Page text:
Arrest Warrant Guide

Michigan Arrest Warrants

Small troubles can still lead to court
Imagine this scenario: you get into a disagreement with your neighbor over tree trimming. They sue you in small claims court but because you think its nonsense you don't even bother showing up. It's conceivable at that point that you could have a bench warrant sworn out in your name which could compel you to come to court and stand before the judge.

Compliance is essential
When it comes to Michigan arrest warrants, that type of scenario is all too common. Once a judge has issued an arrest warrant whether that's a bench warrant for matters dealing with the court or an arrest warrant for criminal matters, you must comply or face serious penalties and even jail time.

There is no avoiding court
Like the rest of the country, Michigan arrest warrants break down into two simple categories: bench warrant and arrest warrants. You can think of the difference between these two as court versus criminal. The bench warrant is sworn out in your name by a judge who has been told that you have fulfilled an obligation that is before the court. It could be that lawsuit scenario or it could also be a parking ticket that you forgot to pay. The bottom line is that if it has reached the point for a judge to issue a bench warrant that means you had better show up in court to clear up the matter.

Bench Warrants
Keep in mind that if a Michigan bench warrant has been sworn out in your name, that doesn't mean the police are going to rush out and arrest you. However, if you are stopped for speeding or try to get a job where they run a background check you the red flags will go up. At that point, you could very well be arrested and brought before the judge.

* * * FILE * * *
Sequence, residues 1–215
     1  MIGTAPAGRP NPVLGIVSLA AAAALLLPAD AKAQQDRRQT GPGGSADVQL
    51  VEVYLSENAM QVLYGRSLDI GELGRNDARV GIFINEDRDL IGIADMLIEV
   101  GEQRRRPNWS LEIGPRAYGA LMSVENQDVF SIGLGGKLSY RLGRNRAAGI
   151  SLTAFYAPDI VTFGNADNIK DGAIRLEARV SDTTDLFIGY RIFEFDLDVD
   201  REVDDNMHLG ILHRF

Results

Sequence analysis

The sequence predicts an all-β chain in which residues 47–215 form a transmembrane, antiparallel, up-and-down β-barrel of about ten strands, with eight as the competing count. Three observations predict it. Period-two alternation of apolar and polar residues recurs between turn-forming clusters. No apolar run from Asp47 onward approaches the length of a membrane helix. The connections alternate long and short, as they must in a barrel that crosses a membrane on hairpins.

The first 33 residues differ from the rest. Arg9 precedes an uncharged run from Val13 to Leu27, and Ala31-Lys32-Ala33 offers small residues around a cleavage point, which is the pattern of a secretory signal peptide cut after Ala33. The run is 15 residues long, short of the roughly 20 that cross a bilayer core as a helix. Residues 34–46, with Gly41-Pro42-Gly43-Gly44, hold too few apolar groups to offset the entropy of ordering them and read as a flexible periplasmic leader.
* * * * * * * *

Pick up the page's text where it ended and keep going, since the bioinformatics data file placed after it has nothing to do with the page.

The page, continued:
Arrest Warrants
As to the Michigan arrest warrants, these are also issued by a judge but deal with specific criminal charges you might be facing. This doesn't have to mean you've committed murder but something as simple as a tussle in a bar that got out of hand could lead to an arrest warrant being sworn out in your name. In the case of these types of warrants, the police are more inclined to try and locate you immediately while you are considered to still be in their jurisdiction. This could mean being arrested at home or at work.

It's your responsibility
It's obvious that we should know if we have been in trouble but there are cases where things have gotten away from us like tickets or summons to appear. Unfortunately, ignorance is not an excuse. Even if you moved and weren't notified, the Michigan arrest warrants will still be considered outstanding until you have cleared them with the court. Just as you can check for your credit report, you can also check for any outstanding arrest warrants. There are many databases available online that can conduct a search in your name. Even if you think you might have missed something having to do with the courts, it's better to find out and take care of it yourself.